VIRUS: Xerox pauses hostile HP takeover bid
Xerox has put its hostile takeover bid for HP on ice, citing the need to focus on the coronavirus, and saying it has nothing to do with the plummeting stock prices of both companies.
The big red has been engaged in an escalating battle with the HP board for control of HP – a company five times its size – driven by activist shareholder/corporate raider Carl Icahn.
Launched in December, the hostile bid has seen Xerox trying to woo HP shareholders with a $24-a-share offer, made up of $18.40 in cash and the rest in Xerox stock of 0.149 of a share, in a deal which amounts to US$35bn.
However, the HP share price has plunged by 25 per cent in the current market crash, from $23.35 on February 25 to $17.18 today. The Xerox stock price has had an even more precipitous fall, losing a third of its value, it is down from $36.46 on 25 February to $23.96 today, meaning the $24 offer is now less than $23.
Xerox said its actions in pausing the bid were driven by the growing coronavirus crisis. John Visentin, Xerox vice chairman and chief executive officer said, “In light of the escalating Covid-19 pandemic, Xerox needs to prioritise the health and safety of its employees, customers, partners and affiliates over and above all other considerations, including its proposal to acquire HP.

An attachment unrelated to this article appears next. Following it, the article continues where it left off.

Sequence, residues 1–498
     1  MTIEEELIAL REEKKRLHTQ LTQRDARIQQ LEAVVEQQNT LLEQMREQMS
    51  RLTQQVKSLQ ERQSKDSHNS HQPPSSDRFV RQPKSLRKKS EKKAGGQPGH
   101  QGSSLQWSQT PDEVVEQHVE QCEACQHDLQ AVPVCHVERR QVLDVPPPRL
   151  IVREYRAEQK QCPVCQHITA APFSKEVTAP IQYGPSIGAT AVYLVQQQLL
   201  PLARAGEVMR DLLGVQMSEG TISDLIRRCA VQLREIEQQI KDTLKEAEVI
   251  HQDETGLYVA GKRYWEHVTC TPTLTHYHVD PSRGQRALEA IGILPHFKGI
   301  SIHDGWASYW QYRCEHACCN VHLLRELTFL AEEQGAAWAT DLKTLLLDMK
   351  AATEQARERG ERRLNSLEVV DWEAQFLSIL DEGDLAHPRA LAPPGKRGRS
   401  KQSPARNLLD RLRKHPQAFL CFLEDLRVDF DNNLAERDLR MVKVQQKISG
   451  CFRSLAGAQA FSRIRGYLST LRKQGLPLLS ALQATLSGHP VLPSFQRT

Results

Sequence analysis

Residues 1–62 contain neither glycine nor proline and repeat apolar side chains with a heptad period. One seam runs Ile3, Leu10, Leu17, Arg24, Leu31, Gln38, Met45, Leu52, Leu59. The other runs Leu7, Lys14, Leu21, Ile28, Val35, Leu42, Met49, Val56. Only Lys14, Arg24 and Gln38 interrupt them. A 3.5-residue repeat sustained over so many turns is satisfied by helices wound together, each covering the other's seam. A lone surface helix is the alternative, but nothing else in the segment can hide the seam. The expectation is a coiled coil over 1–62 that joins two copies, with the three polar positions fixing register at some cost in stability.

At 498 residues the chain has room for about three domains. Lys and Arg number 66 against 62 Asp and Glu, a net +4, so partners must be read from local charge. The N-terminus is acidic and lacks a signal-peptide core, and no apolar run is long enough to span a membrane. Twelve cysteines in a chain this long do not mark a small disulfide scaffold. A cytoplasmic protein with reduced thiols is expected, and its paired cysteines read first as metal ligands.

“As we closely monitor reports from government and healthcare leaders across the globe and work with colleagues in the business community to minimise the spread and impact of the virus, we believe it is prudent to postpone releases of additional presentations, interviews with media and meetings with HP shareholders so we can focus our time and resources on protecting Xerox’s various stakeholders from the pandemic.”
Xerox denied the plunging stock values contributed to the decision to pause the takeover bid. The company said, “for the avoidance of doubt, Xerox does not consider the market decline since the date of its offer or the temporary suspension of trading in HP shares that occurred on March 10 and March 12 as a result of market-wide circuit breakers procedures to constitute a failure of any condition to its offer to acquire HP. Xerox will take the same view on any future temporary trading halts, unless otherwise stated in advance.”
In other developments aimed at fending off the bid, the HP board has written giant severance packages into its directors remuneration packages, and enacted the poison pill defence strategy, which will see it issue new shares should Xerox reach or exceed a 20 per cent stake in the business, in order to dilute their influence.
Carl Icahn owns 11 per cent of Xerox and 4.2 per cent of HP. John Visentin was installed as Xerox CEO when Icahn and fellow shareholder Dawson Deakin blocked a $6bn Fujifilm deal and ousted the board, including CEO Jeff Jacobson, who is now CEO of EFI, installed when it was bought by Siris private equity. The new Xerox chairman is also chairman of Icahn Enterprises, the investment vehicle of the 83-year-old billionaire, said to be worth around US$17bn prior to the latest stock market crash.